Sturgeon says that picture of behind-the-scenes activity is “inaccurate.” But when asked if the family was supportive of the project she won’t answer: “I'm not going to comment on the family’s position,” she says.
Friday, April 24, 2015
BY CHRIS HIGGINS
As digital security breaches skyrocket, a cybersleuth everyman takes center stage.
Friday, May 08, 2015
BY CHRIS NOBLE | PHOTOS BY JASON E. KAPLAN
Hagfish may not have evolved much over the last 300 million years, but their protein-heavy slime promises advances in super-materials.
Friday, May 22, 2015
BY JOE CORTRIGHT
How conservation stimulates the local economy.
Thursday, April 30, 2015
BY JACOB PALMER | DIGITAL NEWS EDITOR
Oregonians are scrambling to get their gardens in order for the summer. Here are three tips from landscaping and urban farming expert.
Wednesday, April 08, 2015
BY JACOB PALMER | DIGITAL NEWS EDITOR
The Wilsonville-based company is targeting GoPro enthusiasts with its latest release. Is spy gear poised to go mainstream?
Monday, April 27, 2015
BY LINDA BAKER
Oregon already ranks as the nation’s second largest generator of hydroelectric power. (Washington is No. 1). Now an elegant new installation in Portland is putting an unconventional, sharing economy twist on this age-old water-energy pairing. The new system, launched this winter, uses the flow of water inside city water pipes to spin four turbines that produce electricity for Portland General Electric customers.
Thursday, April 30, 2015
BY LINDA BAKER | EDITOR
Earlier this week we posted an article from our May issue: It’s a Man's Man’s Man’s World. The story covered the gender divide in tech from the perspective of male workers. Twitter didn’t like it.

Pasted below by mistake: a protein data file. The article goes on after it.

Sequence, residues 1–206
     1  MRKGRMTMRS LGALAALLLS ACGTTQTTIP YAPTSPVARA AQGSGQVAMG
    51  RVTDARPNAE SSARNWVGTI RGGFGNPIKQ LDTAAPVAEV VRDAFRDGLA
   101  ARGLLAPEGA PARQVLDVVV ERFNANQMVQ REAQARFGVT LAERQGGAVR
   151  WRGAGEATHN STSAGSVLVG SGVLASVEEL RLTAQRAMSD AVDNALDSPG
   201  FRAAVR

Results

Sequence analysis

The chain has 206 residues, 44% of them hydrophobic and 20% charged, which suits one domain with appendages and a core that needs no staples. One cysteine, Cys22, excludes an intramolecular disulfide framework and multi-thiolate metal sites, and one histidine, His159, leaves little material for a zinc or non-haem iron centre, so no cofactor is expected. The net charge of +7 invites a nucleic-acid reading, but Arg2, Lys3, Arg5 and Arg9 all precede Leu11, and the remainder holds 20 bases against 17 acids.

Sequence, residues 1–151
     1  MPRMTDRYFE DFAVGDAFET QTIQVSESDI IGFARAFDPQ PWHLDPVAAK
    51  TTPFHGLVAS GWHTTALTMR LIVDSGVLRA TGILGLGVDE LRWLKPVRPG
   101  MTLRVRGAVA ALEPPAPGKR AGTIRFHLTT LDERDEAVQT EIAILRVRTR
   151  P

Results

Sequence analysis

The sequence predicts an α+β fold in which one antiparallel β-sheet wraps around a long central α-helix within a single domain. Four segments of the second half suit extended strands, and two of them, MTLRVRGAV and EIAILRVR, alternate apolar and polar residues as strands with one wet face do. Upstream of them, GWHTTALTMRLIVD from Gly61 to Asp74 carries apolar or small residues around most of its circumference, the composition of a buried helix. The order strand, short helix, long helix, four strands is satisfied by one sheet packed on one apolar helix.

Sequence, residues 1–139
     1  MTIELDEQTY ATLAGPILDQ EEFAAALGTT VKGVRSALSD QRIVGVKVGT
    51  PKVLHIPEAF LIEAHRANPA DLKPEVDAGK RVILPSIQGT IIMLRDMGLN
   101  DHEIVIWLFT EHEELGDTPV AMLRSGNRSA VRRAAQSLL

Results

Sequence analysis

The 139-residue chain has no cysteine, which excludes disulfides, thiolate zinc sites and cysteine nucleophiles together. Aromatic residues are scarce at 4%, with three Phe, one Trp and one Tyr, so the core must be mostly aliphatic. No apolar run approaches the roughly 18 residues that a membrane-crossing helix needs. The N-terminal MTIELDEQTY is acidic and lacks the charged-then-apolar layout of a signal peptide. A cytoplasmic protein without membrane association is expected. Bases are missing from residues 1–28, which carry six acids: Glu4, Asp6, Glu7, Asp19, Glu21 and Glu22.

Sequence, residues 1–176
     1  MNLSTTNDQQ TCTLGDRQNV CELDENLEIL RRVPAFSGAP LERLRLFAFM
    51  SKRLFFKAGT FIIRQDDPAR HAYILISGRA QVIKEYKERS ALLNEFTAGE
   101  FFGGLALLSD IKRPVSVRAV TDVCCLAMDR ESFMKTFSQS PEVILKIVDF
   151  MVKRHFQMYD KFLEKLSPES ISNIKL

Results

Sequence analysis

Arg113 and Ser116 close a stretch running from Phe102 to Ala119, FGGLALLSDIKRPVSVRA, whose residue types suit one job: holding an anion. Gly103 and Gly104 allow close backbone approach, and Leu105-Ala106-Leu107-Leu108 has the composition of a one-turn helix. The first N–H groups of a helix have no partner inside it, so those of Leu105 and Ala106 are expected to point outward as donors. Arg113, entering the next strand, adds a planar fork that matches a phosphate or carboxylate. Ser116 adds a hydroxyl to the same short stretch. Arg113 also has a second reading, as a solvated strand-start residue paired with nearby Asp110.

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Oregon-based Environments helps companies create inspired workspaces. “Simply put, we help companies future-proof their workspaces,” says Chris Corrado, president. Since 1988,Environments has witnessed firsthand the changing landscape of business. Native Portlander and Environments founder Corrado says, “We help our clients navigate the complex realities of the workplace today and plan for their future in a very mindful, strategic way. We think of ourselves as their partners in the process.”
One hundred years ago, the Willamette River might easily have been mistaken for a sewer. Unchecked industrial activity and decades of pollution made it unrecognizable compared to the clean river that now flows north for 187 miles from Eugene through the center of Portland.
Sussman Shank LLP served as lead counsel for both the sale of 9 assisted living, memory care, and independent living campuses in Washington, Oregon, and California to a publicly-traded REIT, and the acquisition of 11 single-tenant net lease properties. This transaction was unique because it included both the sale of licensed senior housing facilities and a complicated 1031 tax deferred exchange transaction.
The Oregon Entrepreneurs Network (OEN) will be presenting its third annual Entrepreneurial Summit on Friday, June 5 at Castaway in Portland, Oregon.
On June 13th Mayor Charlie Hales will attend nonprofit organization Dream Change’s inaugural Love Summit and will introduce one of its keynote speakers, Dan Wieden of Wieden+Kennedy advertising agency.